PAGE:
• Traditional workplace programs—Besides offering insurance coverage for obesity screening and counseling services, many employers have implemented various strategies to promote work environments conducive to healthy choices that can help employees reduce their risk of obesity. Behavioral programs that combine education with incentives have proven most effective in on-site and remote work settings. Examples of behavioral programs include company sports teams, discounted membership to gyms or fitness centers, flexible hours to allow employees to incorporate physical activity into their workdays, and weight loss competitions and incentives.
  • Obesity care benefits—As emerging obesity medications become popular, more employers are exploring metabolic health. However, most health insurance plans do not cover weight loss drugs, and the medications are expensive, at least $1,000 per month. As weight loss drugs continue to trend, health plan sponsors are facing increased pressure to cover such medications. In the meantime, employers should evaluate employee wants and needs and consider covering weight loss drugs for employees living with obesity.
  • Anti-weight stigma environment—Weight stigma is a bias that consists of negative attitudes and stereotypes toward individuals who are overweight or have obesity. The stigma that people struggling with obesity experience in the workplace can have many consequences. Bullying and shaming can greatly impact physical and mental health. It can be challenging for employers to establish programs to tackle obesity because of the highly personal nature of this topic. Still, there are respectful and inclusive ways to do so, such as choosing appropriate images to communicate weight and health by portraying individuals with well-kept appearances and appropriate-fitting clothes and normalizing conversations about obesity. Outside of behaviors, employers may also offer adjustable desks and larger chairs without arms to accommodate various body types. Such efforts may help employees feel more comfortable in the workplace and have equipment that properly supports their bodies.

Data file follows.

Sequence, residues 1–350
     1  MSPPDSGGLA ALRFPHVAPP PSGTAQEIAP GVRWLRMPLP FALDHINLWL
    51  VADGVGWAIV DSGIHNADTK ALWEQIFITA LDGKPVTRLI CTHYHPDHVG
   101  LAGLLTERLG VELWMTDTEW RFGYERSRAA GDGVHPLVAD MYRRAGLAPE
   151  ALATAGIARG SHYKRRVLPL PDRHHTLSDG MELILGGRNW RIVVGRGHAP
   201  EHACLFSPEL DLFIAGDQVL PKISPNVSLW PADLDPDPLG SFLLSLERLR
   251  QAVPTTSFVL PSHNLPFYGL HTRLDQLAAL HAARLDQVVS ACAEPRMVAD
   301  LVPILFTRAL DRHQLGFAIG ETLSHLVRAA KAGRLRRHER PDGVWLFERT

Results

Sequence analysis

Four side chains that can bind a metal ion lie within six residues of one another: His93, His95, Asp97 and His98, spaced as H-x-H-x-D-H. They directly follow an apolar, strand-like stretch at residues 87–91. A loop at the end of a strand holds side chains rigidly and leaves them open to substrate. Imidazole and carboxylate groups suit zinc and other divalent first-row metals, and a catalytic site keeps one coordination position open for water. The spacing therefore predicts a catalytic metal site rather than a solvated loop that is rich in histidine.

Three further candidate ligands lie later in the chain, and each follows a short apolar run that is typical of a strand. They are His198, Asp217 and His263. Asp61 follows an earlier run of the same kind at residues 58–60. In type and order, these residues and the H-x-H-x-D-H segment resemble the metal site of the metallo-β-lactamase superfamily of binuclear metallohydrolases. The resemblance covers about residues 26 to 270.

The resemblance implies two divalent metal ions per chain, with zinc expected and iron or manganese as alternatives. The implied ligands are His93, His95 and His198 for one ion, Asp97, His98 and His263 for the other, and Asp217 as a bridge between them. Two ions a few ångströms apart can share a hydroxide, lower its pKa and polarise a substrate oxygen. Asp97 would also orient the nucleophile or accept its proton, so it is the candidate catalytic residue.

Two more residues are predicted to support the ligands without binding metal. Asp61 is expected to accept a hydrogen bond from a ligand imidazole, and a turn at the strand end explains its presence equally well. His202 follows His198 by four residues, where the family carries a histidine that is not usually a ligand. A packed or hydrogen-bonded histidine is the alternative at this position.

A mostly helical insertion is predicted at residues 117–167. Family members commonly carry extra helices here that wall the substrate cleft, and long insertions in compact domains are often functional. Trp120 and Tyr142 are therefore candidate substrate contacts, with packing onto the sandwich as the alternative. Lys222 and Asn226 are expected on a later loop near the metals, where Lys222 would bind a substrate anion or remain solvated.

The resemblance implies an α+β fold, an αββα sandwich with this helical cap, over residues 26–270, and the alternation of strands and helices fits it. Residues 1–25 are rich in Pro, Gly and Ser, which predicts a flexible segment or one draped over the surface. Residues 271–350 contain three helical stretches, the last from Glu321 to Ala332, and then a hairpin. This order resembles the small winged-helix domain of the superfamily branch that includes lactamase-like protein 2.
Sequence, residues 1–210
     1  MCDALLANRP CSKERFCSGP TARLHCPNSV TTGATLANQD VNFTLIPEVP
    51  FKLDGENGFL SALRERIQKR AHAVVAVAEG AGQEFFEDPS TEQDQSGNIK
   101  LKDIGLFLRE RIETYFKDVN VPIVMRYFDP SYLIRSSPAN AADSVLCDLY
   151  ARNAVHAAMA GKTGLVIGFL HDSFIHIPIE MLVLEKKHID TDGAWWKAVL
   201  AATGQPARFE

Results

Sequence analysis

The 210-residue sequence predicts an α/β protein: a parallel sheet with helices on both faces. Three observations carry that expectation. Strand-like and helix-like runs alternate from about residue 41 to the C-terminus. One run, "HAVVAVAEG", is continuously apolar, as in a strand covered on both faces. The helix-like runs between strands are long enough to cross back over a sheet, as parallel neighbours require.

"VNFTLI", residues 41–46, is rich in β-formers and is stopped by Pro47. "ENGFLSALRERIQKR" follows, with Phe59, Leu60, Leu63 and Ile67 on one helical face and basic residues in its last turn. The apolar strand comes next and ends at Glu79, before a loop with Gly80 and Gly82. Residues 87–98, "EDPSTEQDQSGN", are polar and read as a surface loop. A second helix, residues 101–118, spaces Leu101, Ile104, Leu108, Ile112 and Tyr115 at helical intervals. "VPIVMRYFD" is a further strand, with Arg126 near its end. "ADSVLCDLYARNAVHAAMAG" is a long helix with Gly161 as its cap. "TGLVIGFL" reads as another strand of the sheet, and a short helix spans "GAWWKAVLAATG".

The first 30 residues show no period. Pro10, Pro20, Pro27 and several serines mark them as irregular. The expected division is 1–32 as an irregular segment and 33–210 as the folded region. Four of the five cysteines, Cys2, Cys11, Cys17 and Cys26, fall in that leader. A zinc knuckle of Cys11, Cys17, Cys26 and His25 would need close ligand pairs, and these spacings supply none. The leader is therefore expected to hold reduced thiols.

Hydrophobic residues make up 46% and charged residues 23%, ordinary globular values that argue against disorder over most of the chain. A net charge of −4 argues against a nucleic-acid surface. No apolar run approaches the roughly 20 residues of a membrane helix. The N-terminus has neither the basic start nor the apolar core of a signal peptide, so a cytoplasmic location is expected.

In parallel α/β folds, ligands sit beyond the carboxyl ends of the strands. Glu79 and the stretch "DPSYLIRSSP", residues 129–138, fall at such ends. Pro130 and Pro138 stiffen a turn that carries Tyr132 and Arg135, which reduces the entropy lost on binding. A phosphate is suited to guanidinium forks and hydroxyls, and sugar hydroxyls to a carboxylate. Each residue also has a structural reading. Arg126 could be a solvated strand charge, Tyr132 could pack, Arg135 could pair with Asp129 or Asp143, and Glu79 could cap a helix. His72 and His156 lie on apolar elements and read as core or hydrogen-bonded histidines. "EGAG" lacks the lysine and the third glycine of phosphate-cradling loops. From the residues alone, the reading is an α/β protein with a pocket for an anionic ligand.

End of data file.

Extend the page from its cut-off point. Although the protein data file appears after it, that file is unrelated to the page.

• Holistic approaches—Since behavioral changes don’t fully address obesity, employers can offer resources to help employees navigate their weight loss journeys or maintain healthy lifestyles. These resources should discuss obesity prevention, management and treatment. Once employees have identified potential health issues, they will likely need guidance and care to address these conditions, recover from them and remain healthy. Treatment options for obesity can be specific to nutrition and physical activity. Making these treatment options more accessible and affordable can ultimately help minimize future health complications.

Obesity is a progressive disease that requires both prevention and treatment. Workplace obesity management is best achieved through complex and tailored strategies that meet employees where they’re at and offer the proper support and necessary resources.


Obesity is not simply the result of a person’s lifestyle or behavior. This disease can also be attributed to other factors, such as genetics, food availability, physical environments and education opportunities. To be impactful, weight loss programs—and wellness programs in general—should be multifaceted and focus on disease prevention and sustained behavior changes. Since employees spend one-third of their days working, the workplace is an excellent environment for making healthy lifestyle changes.